You know, all my life I hoped this would happen. Ever since childhood I expected it. I knew these creatures were alive somewhere, but I had no proof, scientific proof, and I had to keep it to myself, or my colleagues would have all laughed at me. -- Dr. Sampson, The Giant Behemoth
I would personally be in favor of eliminating the world's time zones, since at my job i constantly deal with people in time zones all around the world and it gets very confusing. But i don't know how you provincials would feel about setting your alarms for 2am.
And i'm very against the idea of people all waking up and going to bed at the same time, regardless of the amount of daylight. That's going to screw with your circadian rhythms and cause all sorts of health issues.
By 1914, emboldened by a dozen years of in-house research, Henry Ford famously took the radical step of doubling his workers' pay, and cut shifts in Ford plants from nine hours to eight. The National Association of Manufacturers criticized him bitterly for this -- though many of his competitors climbed on board in the next few years when they saw how Ford's business boomed as a result. In 1937, the 40-hour week was enshrined nationwide as part of the New Deal. By that point, there were a solid five decades of industrial research that proved, beyond a doubt, that if you wanted to keep your workers bright, healthy, productive, safe, and efficient over a sustained stretch of time, you kept them to no more than 40 hours a week and eight hours a day.
...how we lost it (once again, nerds ruin everything)...
The first is the emergence of Silicon Valley as an economic powerhouse in the late 1970s. Since WWII, the valley had attracted a unique breed of worker -- scientists and technologists who carried with them a singular passion for research and innovation. Asperger's Syndrome wasn't named and identified until 1994, but by the 1950s, the defense industries in California's Santa Clara Valley were already drawing in brilliant young men and women who fit the profile: single-minded, socially awkward, emotionally detached, and blessed (or cursed) with a singular, unique, laser-like focus on some particular area of obsessive interest. For these people, work wasn't just work; it was their life's passion, and they devoted every waking hour to it, usually to the exclusion of non-work relationships, exercise, sleep, food, and sometimes even personal care.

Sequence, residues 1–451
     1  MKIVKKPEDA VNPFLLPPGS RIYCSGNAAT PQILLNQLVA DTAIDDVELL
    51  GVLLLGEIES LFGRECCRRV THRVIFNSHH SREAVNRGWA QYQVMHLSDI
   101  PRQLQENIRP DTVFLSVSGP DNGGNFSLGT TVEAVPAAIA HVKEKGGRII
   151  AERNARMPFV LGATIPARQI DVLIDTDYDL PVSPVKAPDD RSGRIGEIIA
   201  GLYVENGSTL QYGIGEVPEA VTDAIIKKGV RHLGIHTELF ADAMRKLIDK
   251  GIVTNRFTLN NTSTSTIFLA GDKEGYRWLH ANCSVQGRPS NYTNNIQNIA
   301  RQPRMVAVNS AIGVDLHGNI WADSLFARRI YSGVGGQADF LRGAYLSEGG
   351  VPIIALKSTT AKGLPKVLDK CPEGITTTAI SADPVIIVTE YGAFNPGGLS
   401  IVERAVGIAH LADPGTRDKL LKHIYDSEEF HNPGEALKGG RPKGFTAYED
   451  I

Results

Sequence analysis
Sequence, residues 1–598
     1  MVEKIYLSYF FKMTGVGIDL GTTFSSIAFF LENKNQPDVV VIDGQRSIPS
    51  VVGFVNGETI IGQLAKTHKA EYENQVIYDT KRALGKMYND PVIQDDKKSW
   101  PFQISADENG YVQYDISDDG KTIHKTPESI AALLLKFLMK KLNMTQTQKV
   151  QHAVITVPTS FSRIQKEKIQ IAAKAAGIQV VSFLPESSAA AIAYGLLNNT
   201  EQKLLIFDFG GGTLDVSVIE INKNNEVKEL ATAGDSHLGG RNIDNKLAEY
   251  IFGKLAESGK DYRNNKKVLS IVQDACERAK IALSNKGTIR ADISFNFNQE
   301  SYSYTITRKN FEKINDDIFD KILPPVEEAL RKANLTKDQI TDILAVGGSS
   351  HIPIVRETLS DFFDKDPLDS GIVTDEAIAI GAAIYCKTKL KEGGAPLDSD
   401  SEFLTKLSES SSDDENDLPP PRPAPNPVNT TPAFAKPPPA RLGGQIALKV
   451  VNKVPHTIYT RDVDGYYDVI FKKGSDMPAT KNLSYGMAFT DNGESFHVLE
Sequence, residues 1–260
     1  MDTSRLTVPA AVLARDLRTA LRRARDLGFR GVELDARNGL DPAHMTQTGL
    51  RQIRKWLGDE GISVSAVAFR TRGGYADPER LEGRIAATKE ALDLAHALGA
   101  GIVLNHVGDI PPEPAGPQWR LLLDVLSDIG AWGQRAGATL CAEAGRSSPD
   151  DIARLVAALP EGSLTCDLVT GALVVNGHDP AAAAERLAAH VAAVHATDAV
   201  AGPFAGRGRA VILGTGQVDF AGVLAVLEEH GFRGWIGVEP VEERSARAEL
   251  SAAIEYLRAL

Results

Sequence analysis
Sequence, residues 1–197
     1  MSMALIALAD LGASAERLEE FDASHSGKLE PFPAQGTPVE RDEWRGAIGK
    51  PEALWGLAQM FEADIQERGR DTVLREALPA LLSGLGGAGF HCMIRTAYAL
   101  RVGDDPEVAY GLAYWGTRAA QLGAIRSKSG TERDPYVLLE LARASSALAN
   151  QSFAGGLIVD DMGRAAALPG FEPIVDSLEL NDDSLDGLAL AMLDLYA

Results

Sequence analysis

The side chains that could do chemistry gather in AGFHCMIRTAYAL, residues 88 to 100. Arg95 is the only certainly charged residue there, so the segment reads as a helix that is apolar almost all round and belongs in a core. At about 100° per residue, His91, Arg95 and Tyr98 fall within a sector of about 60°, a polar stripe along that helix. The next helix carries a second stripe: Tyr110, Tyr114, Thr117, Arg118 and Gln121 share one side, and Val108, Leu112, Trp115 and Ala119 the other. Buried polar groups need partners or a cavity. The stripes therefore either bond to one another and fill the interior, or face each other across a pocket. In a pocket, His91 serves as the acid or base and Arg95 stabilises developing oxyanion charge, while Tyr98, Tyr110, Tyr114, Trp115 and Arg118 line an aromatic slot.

And then, in the early '80s, Tom Peters came along, and promoted the Silicon Valley work ethic to the rest of the country in the name of "excellence." He extolled tech giants like HP and Apple for the "passion" of their workers, and told old-industry employers that they could move into the new age by seeking out and rewarding that kind of passion in their employees, too. Though Peters didn't advocate this explicitly, it was implicitly understood that to "passionate" people, 40-hour weeks were old-fashioned and boring.
....and why it'd be good for everyone, employers included, to bring it back.
What these studies showed, over and over, was that industrial workers have eight good, reliable hours a day in them. On average, you get no more widgets out of a 10-hour day than you do out of an eight-hour day. Likewise, the overall output for the work week will be exactly the same at the end of six days as it would be after five days. So paying hourly workers to stick around once they've put in their weekly 40 is basically nothing more than a stupid and abusive way to burn up profits. Let 'em go home, rest up and come back on Monday. It's better for everybody.
In fact, research shows that knowledge workers actually have fewer good hours in a day than manual laborers do -- on average, about six hours, as opposed to eight. It sounds strange, but if you're a knowledge worker, the truth of this may become clear if you think about your own typical work day. Odds are good that you probably turn out five or six good, productive hours of hard mental work; and then spend the other two or three hours on the job in meetings, answering e-mail, making phone calls, and so on. You can stay longer if your boss asks; but after six hours, all he's really got left is a butt in a chair. Your brain has already clocked out and gone home.
The other thing about knowledge workers is that they're exquisitely sensitive to even minor sleep loss. Research by the US military has shown that losing just one hour of sleep per night for a week will cause a level of cognitive degradation equivalent to a .10 blood alcohol level. Worse: most people who've fallen into this state typically have no idea of just how impaired they are. It's only when you look at the dramatically lower quality of their output that it shows up. Robinson writes: "If they came to work that drunk, we'd fire them -- we'd rightly see them as a manifest risk to our enterprise, our data, our capital equipment, us, and themselves. But we don't think twice about making an equivalent level of sleep deprivation a condition of continued employment."
It was 7:20am. Raining, dark and gloomy. You were speeding down the road in your silver car WITHOUT YOUR LIGHTS ON. I almost turned onto the road in front of your INVISIBLE ASS. I doubt you would have been able to break on the wet road in time to not plow into me. Luckily, i saw your stealth car in time. I hope your insurance premiums go up, YOU IDIOT.